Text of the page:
1.3.5 Histograms and scatterplots: summary
Two common graphical displays, most frequently used for continuous data (arising from measurements), have been introduced in this section. A histogram is in a sense a development of the idea of a bar chart. A set of continuous data is divided up into groups, the frequencies in the groups are found, and a histogram is produced by drawing vertical bars, without gaps between them, whose heights are proportional to the frequencies in the groups. You have seen that the shape of a histogram drawn from a particular data set can depend on the choices made for the grouping of the data.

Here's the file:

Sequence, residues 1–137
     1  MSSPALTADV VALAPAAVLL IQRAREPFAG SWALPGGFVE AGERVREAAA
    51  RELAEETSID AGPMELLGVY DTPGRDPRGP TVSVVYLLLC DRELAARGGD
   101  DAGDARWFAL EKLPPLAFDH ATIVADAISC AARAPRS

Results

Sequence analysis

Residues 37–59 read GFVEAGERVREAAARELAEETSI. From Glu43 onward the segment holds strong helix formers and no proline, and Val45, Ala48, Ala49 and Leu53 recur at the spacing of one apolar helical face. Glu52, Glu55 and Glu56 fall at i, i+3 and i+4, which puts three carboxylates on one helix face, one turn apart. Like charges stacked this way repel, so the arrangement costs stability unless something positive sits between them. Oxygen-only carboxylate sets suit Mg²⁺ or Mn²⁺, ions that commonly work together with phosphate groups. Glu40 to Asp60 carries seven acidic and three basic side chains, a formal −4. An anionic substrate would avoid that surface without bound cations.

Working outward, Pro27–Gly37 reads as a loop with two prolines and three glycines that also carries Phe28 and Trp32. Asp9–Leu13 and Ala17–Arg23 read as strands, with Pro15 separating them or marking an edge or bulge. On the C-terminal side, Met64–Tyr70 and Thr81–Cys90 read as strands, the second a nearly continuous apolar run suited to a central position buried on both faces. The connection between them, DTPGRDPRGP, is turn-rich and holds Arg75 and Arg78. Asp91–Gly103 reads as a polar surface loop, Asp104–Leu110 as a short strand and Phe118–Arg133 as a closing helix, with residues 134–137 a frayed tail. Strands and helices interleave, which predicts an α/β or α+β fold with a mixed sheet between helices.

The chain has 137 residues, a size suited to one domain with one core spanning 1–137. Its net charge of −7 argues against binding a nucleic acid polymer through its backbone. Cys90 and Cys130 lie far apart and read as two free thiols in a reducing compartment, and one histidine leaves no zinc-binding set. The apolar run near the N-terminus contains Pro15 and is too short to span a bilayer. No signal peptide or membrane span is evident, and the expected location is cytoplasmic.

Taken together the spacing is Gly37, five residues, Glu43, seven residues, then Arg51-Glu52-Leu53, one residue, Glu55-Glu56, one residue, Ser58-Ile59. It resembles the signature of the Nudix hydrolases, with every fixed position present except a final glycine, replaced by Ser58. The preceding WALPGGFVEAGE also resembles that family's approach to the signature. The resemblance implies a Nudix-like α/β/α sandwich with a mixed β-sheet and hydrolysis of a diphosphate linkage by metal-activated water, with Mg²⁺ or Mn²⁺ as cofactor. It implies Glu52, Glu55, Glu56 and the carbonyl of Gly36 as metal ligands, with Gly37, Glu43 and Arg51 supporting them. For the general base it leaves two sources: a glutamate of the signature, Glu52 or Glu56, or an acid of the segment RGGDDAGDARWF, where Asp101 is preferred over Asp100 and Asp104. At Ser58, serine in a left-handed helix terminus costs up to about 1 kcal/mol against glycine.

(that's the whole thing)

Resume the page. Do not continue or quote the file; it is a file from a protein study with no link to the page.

Scatterplots represent the relationship between two variables. The variables generally have to be numerical, and are commonly continuous, though they may also be discrete (counted). One variable is plotted on the horizontal axis and the other on the vertical axis. One point is plotted, in the appropriate position, for each individual entity (person, animal, country) in the data set. As well as making it easy to identify any general pattern, such as a straight line, in the relationship between the variables, a scatterplot can help in the identification of outliers. These are data points that lie a long way from the general pattern in the data. In some cases, the patterns shown in a scatterplot can be made clearer by omitting an outlier, though this is very often not an advisable thing to do. In other cases, it may help to transform the data by applying some appropriate function to one or both of the variables involved.